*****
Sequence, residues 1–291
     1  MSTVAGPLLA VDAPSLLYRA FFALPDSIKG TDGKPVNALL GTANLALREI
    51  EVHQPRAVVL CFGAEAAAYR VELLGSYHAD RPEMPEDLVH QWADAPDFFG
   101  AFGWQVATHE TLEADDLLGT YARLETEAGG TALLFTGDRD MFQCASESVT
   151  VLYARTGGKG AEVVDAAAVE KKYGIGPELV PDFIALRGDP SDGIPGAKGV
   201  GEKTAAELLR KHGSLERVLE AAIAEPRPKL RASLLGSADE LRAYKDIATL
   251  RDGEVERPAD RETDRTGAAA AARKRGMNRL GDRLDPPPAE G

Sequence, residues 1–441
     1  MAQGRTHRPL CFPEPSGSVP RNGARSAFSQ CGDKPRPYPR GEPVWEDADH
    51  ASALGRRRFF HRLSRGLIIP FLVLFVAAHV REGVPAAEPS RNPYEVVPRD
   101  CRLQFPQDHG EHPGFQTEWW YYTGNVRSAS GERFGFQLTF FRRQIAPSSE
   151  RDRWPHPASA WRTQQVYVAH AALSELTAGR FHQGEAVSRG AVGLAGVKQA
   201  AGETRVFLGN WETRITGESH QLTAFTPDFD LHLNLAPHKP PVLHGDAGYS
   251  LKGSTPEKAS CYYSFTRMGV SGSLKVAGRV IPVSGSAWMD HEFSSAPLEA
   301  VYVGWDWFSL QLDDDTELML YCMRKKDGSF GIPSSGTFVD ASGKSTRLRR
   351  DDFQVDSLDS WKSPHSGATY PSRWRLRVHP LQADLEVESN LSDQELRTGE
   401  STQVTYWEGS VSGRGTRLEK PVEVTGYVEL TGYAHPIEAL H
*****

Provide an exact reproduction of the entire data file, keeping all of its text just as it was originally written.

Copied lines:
Sequence, residues 1–291
     1  MSTVAGPLLA VDAPSLLYRA FFALPDSIKG TDGKPVNALL GTANLALREI
    51  EVHQPRAVVL CFGAEAAAYR VELLGSYHAD RPEMPEDLVH QWADAPDFFG
   101  AFGWQVATHE TLEADDLLGT YARLETEAGG TALLFTGDRD MFQCASESVT
   151  VLYARTGGKG AEVVDAAAVE KKYGIGPELV PDFIALRGDP SDGIPGAKGV
   201  GEKTAAELLR KHGSLERVLE AAIAEPRPKL RASLLGSADE LRAYKDIATL
   251  RDGEVERPAD RETDRTGAAA AARKRGMNRL GDRLDPPPAE G

Sequence, residues 1–441
     1  MAQGRTHRPL CFPEPSGSVP RNGARSAFSQ CGDKPRPYPR GEPVWEDADH
    51  ASALGRRRFF HRLSRGLIIP FLVLFVAAHV REGVPAAEPS RNPYEVVPRD
   101  CRLQFPQDHG EHPGFQTEWW YYTGNVRSAS GERFGFQLTF FRRQIAPSSE
   151  RDRWPHPASA WRTQQVYVAH AALSELTAGR FHQGEAVSRG AVGLAGVKQA
   201  AGETRVFLGN WETRITGESH QLTAFTPDFD LHLNLAPHKP PVLHGDAGYS
   251  LKGSTPEKAS CYYSFTRMGV SGSLKVAGRV IPVSGSAWMD HEFSSAPLEA
   301  VYVGWDWFSL QLDDDTELML YCMRKKDGSF GIPSSGTFVD ASGKSTRLRR
   351  DDFQVDSLDS WKSPHSGATY PSRWRLRVHP LQADLEVESN LSDQELRTGE
   401  STQVTYWEGS VSGRGTRLEK PVEVTGYVEL TGYAHPIEAL H